$3.5 million loan-application
The Manhattan City Commission Tuesday authorized a loan application with the Kansas Department of Health and Environment for $3.5 million to finance the Wastewater Treatment Plant Lime Sludge Lagoon Improvement project.
The goal of the project is to bring lime-sludge lagoons that are part of the stormwater drainage system in  northeast Manhattan in compliance with state and federal policies.
Randy DeWitt, Public Works assistant director, says that if the project ends up costing the estimated $3.5 million, the loan repayments will cost the city about $200,000 per year over 20 years.
“The interest rate is about 1.4 percent right now, so it’s as close as you can get to free money for us,” DeWitt said. “Because this is kind of a surprise project, the KDHE loan will be the preferred option because of the lower interest rate and spreading it out over 20 years.”
DeWitt says that while principal forgiveness on such loans is typically reserved for “green projects,” it has also been allowed for projects that help bring systems into compliance.
“We had a meter-replacement project where we upgrade all of our meter system to automated meter-reading,” DeWitt said. “That was a green initiative and we got principal forgiveness for that. I’m not really holding out a lot of hope that we can get principal forgiveness, but no reason not to inquire about it.”
Officials have not yet settled on a start date for the project.
The start date will depend on when other improvements to the stormwater drainage system can be completed.
Progress toward construction of Casey’s convenience store
The Manhattan City Commission vacated a utility easement Tuesday as part of an effort to construct a Casey’s convenience store on the southeast corner of Fort Riley Blvd. and Third St..
Brian Johnson, Manhattan city engineer, says the property won’t be accessible from Fort Riley Blvd..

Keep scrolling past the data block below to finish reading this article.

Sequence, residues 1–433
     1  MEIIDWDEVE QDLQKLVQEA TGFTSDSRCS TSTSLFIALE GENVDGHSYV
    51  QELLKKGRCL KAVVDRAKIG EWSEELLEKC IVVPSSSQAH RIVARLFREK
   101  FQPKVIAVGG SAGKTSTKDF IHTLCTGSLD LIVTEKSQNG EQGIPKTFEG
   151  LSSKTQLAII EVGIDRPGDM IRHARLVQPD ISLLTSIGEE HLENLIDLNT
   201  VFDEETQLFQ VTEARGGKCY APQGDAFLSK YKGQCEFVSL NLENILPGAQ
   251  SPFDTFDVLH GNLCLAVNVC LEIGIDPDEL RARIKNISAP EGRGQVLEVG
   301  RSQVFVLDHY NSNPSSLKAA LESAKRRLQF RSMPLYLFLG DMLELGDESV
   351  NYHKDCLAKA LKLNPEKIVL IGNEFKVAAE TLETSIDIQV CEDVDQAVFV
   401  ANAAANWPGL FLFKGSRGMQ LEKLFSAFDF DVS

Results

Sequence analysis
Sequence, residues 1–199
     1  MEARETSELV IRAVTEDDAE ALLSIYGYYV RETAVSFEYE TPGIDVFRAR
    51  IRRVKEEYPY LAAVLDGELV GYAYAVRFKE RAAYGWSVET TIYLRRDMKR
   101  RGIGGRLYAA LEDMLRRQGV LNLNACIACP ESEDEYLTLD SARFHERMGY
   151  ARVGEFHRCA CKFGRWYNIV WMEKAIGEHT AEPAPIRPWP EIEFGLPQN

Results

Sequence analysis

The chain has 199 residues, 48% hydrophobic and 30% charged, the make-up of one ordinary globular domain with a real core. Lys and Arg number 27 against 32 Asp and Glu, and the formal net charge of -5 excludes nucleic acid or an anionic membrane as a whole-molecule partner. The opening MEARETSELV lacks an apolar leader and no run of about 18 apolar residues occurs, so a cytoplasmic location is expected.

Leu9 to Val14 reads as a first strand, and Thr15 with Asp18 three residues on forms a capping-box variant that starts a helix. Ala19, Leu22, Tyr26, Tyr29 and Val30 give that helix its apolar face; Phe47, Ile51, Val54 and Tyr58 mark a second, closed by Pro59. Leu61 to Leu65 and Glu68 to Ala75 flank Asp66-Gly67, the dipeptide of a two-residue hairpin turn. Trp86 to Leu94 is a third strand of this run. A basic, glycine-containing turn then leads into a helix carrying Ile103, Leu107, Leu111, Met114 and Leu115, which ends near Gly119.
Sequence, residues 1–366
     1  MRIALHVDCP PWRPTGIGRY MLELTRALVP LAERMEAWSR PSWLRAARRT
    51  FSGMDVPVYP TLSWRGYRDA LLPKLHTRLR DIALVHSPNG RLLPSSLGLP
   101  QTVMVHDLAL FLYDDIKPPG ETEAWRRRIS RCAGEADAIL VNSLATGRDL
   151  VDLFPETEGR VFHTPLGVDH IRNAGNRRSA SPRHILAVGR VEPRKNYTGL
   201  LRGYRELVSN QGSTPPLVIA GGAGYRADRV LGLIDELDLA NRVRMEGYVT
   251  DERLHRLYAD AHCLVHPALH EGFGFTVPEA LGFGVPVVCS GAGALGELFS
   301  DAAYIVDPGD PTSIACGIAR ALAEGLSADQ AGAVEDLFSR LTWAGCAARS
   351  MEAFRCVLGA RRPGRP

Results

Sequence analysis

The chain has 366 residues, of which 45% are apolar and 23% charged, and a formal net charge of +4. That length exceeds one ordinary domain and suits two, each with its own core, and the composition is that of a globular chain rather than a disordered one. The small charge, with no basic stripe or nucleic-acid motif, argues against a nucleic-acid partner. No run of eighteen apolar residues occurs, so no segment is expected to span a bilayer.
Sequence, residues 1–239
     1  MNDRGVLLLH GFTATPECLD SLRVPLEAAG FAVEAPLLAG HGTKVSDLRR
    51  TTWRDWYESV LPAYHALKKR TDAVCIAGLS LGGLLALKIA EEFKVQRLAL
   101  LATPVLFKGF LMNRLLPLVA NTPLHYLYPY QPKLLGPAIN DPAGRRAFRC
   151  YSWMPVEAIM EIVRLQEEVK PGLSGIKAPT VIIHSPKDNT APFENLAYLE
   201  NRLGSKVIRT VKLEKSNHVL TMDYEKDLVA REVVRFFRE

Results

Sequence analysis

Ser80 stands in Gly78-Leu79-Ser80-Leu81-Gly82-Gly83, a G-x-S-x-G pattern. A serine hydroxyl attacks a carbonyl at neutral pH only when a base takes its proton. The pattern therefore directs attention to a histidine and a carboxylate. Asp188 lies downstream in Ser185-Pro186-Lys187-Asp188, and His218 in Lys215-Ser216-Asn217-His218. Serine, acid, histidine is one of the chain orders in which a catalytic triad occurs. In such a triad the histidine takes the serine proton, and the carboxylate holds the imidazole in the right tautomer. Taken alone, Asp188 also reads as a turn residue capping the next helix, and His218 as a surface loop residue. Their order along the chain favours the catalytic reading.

“There is an agreement in the works or an agreement that has been signed between Casey’s and that lot to the east for some sort of temporary access,” Johnson said. “That’s a private-party agreement between those two. The city isn’t privy to that information.”
The commission also authorized a second utility-easement vacation on a Jardine Dr. right-of-way.
The owner of the property where the easement is located requested the vacation so they can build a garage in its place.
The Jardine Dr. right-of-way was put in place during the 1950s because officials assumed the road would eventually continue from Denison Ave. to College Ave.
Festival of Lights donation request
Wynn Butler, Manhattan city commissioner, requested that local residents donate to this year’s Festival of Lights display.
Typically, a group of local businesses and community members contribute most of the funds for the display, but Butler says the coronavirus pandemic has hurt these efforts.
“The hospitality industry that generally supports that, as you know, is not doing that well this year because of the coronavirus issue,” Butler said. “If you have time to help out a little bit on that, it would be greatly appreciated.”
The pandemic has also impacted events surrounding the 2020 Festival of lights.
Butler says there are currently no plans for in-person Festival of Lights events this year.
“The music will be there, the trees will be there, the lights will be there,” Butler said. “Parks and rec always puts in a little bit of help there on the electric and a few other things and I think that’s greatly appreciated.”
Viewers can enjoy a virtual lighting-ceremony on Nov. 27 at 7 p.m. via Facebook Live.
Donations can be made at mhkfestivaloflights.com.

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